The Sofia Log

Vanuatu: In Search of Female Chiefs

April 9, 2017  

The Royal Geographical Society (with the Institute of British Geographers) is the UK’s learned society and professional body for geography, founded in 1830. RGS enshrines such famous names as David Livingstone, Shackleton, Sir Ranulph Fiennes, Charles Darwin and Edmund Hillary. In September 2016, I saw Sir Richard Leakey speak at the Royal Geographical Society about his childhood in Kenya. I left inspired and dreamed about the day (probably some 30 years down the road) when I too would present my research at the Royal Geographical Society.

Turns out I didn’t have to wait 30 years. I was invited to give a lecture at the Royal Geographical Society in London on March 22nd as part of the Geographical Journey’s: an evening of microlectures. It was an evening packed with tales of adventure and discovery by 6 young explorers hosted by anthropologist and broadcaster Mary-Ann Ochota FRGS. 

For those of you that didn’t make it to London, fear not! You can hear about my search for female chiefs (ngwotari) and wild goose chase to interview a rock in the video below. 

The Sofia Log

March 20, 2017  

Besides being the 2016 Fulbright Anne Wexler Scholar in Public Policy, Sophie Hollingsworth is a modern female explorer (she has sailed across the Pacific Ocean, transected Madagascar, and at the time of certification, was the youngest female to obtain a 200-ton MCA Yachtmaster Captains License); a field researcher (currently part of a world-first expedition to document and conduct the only ethnographic study of the female chiefs of Maewo Island, Vanuatu); the Founder and Director of Operations of AquaAid International (an organization establishing sustainable sources of clean drinking water and basic sanitation in remote Central American jungles); a proud member of The Explorers Club, The Royal Geographical Society, and Flag Carrier of WINGS Worldquest; an ex-ballerina (she danced the role of the Spanish Doll with the Moscow Ballet in the 2009 Nutcracker Season); and possibly also leads some kind of septuple-life as a crime-fighting superhero (although this is as yet unverified).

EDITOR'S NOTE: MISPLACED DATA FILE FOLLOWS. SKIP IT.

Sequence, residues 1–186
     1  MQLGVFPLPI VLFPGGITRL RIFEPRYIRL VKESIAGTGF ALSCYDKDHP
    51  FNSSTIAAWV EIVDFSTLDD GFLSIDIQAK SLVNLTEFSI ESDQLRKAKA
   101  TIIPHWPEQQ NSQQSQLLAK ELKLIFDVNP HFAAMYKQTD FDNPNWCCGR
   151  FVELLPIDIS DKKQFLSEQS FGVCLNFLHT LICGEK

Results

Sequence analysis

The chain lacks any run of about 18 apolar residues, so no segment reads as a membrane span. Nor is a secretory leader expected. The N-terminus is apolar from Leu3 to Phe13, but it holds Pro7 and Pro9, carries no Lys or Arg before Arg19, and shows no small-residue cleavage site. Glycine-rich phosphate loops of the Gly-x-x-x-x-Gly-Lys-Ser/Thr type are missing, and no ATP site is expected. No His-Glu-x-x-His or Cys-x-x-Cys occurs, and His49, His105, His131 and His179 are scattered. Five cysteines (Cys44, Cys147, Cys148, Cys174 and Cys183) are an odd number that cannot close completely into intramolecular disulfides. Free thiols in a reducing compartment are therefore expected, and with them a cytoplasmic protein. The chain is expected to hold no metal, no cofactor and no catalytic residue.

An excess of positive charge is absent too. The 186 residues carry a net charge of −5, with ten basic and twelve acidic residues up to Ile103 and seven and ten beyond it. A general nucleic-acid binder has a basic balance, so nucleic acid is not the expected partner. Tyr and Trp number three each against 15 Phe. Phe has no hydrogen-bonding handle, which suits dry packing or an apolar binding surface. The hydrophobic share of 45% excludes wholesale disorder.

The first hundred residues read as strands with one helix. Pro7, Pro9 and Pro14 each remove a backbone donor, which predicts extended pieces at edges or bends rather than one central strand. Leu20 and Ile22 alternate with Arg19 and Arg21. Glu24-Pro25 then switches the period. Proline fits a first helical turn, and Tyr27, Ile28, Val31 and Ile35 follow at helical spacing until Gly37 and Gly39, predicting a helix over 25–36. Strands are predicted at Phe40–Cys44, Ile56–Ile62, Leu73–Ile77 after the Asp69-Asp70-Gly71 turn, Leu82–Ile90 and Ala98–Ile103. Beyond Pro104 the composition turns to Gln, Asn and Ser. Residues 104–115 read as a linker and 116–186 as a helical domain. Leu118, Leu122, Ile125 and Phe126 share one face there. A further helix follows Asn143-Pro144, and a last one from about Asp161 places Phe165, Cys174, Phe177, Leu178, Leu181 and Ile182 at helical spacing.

While in Australia, Sophie’s paramount focus will be on shared political interests and cooperation between the U.S. and Australia in trade, security, and development related to health security via a Master’s program at the University of Sydney’s Marie Bashir Institute for Infectious Disease and Biosecurity.
We wanted to share Sophie’s stories, so we’ll be bringing you a curated collection of her adventures via her blog, The Sofía Log

Sophie teaches rural Nicaraguans about water filtration

About The Sofia Log

Far too many of us experience the world through a single cultural paradigm, our own. We all face the same challenges, food, water, shelter, the desire for happiness and love. Yet given the common challenges, the range of cultural adaptation is astonishing! The world is incredibly diverse all these peoples can teach us that there are other possibilities, other ways of thinking, and other ways of interacting with the Earth.


The Sofía Log seeks to inspire women (and men) to get outside and explore the unknown, whether that means a new restaurant around the corner or trekking across Papua New Guinea. Exploration is out there!